Motorhome Magazine Open Roads Forum: Travel Trailers: Water Leak, Repair Update Feb 12th
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 > Water Leak, Repair Update Feb 12th

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Dirtpig

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Posted: 02/07/18 05:11pm Link  |  Quote  |  Print  |  Notify Moderator

I am shocked to see OSB used in place of plywood in that trailer, what was the mfg thinking!! unreal.


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BurbMan

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Posted: 02/07/18 05:42pm Link  |  Quote  |  Print  |  Notify Moderator

The mfr was thinking it was cheaper...LOL....at least they glued and stapled the OSB to the 2x3 floor joists so it stiffened it up quite a bit.

John, I used the rubber spray on my slide out repair from 2013. On the outside wall of the slide, there is a 2x4 that attaches to the slide frame and the wall sits on that. The factory had it wrapped in Darco and stapled to death...water got in there and rotted it out. I replaced that 2x4 and sprayed it the rubber coat and it's holing up well, not peeling or showing any signs of cracking or failing. I'll post a pic when I get back to this project. I have another issue I am dealing with on the slide and will post pics on that as well. It' supposed to warm up this weekend, and I should be out of the woods with this flu by then.


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JBarca

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Posted: 02/07/18 07:04pm Link  |  Quote  |  Print  |  Notify Moderator

Dirtpig wrote:

I am shocked to see OSB used in place of plywood in that trailer, what was the mfg thinking!! unreal.


Sadly, OSB is used in floor in a lot of brands. I would venture to say, most. Your Northwood may be the few left using plywood in a TT.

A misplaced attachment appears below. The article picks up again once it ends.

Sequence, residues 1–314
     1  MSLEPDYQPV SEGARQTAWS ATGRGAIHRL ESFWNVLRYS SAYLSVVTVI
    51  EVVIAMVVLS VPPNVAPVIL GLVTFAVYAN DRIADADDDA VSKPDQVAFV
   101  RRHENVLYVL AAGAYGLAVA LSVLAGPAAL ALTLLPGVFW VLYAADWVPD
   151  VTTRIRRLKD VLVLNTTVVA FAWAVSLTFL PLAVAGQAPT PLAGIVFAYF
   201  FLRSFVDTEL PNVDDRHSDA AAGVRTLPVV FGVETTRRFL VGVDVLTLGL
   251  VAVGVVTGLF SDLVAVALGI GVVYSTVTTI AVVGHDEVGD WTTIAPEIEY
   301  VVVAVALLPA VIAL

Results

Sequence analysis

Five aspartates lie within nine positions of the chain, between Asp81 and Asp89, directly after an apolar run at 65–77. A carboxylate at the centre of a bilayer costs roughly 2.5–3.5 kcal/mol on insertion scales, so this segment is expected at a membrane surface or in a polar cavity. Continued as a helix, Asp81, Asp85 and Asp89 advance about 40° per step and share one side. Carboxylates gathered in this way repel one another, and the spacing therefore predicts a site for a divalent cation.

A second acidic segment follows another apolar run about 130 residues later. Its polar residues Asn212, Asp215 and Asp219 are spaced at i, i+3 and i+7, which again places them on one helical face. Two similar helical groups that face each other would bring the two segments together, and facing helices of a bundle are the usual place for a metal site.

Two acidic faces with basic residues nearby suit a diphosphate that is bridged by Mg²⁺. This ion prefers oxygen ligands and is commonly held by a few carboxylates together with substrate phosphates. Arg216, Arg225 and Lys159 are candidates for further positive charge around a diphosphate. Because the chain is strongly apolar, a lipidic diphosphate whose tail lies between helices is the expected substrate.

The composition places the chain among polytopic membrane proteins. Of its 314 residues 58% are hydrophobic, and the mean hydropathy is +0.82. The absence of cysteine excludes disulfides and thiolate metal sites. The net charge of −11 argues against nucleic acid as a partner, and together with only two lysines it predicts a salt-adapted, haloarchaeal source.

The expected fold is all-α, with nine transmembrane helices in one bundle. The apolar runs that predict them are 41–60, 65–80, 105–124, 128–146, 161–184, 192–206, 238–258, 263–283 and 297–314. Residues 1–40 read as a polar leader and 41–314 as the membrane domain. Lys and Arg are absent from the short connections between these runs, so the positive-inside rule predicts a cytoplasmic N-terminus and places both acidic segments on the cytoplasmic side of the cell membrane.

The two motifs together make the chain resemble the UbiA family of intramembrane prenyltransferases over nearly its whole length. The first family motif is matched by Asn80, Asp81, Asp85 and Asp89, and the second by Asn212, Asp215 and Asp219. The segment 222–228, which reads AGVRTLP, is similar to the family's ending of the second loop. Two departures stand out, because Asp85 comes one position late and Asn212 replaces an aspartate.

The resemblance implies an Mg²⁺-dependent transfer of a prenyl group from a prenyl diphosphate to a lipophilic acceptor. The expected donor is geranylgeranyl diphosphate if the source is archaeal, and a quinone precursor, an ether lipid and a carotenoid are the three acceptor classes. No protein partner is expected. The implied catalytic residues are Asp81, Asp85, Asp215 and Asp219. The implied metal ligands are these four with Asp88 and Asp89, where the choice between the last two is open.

Oh and I like your truck!!! You may have more low end torque, but I have more cylinders.... [emoticon] And trust me she has a drinking problem. Just not a pulling problem. Yeh!


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BurbMan

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Posted: 02/12/18 09:42am Link  |  Quote  |  Print  |  Notify Moderator

Well, more progress last week. Got the skirt back on, the baggage door in and everything re-caulked and (hopefully) water tight. Had some torrential rain here this weekend, so I rolled the slide in for that....no sense tempting fate LOL.

[image]

I was getting some water running under the tarp so I used blue painter's tape to put some cardboard over the baggage compartment when the door was off, so word of caution, don't get blue tape wet!!

As an aside, I need to find out where I can buy one of these pneumatic guns that shoots these 1-1/2" x 1/2" staples...

[image]

On to replacing the bottom sweeper seal for the slide. The bulb section on the bottom of the seal closes against the edge of the slide to keep the water out when traveling, but when the slide is open it's job is mainly to keep out the dirt, bugs, and drafts.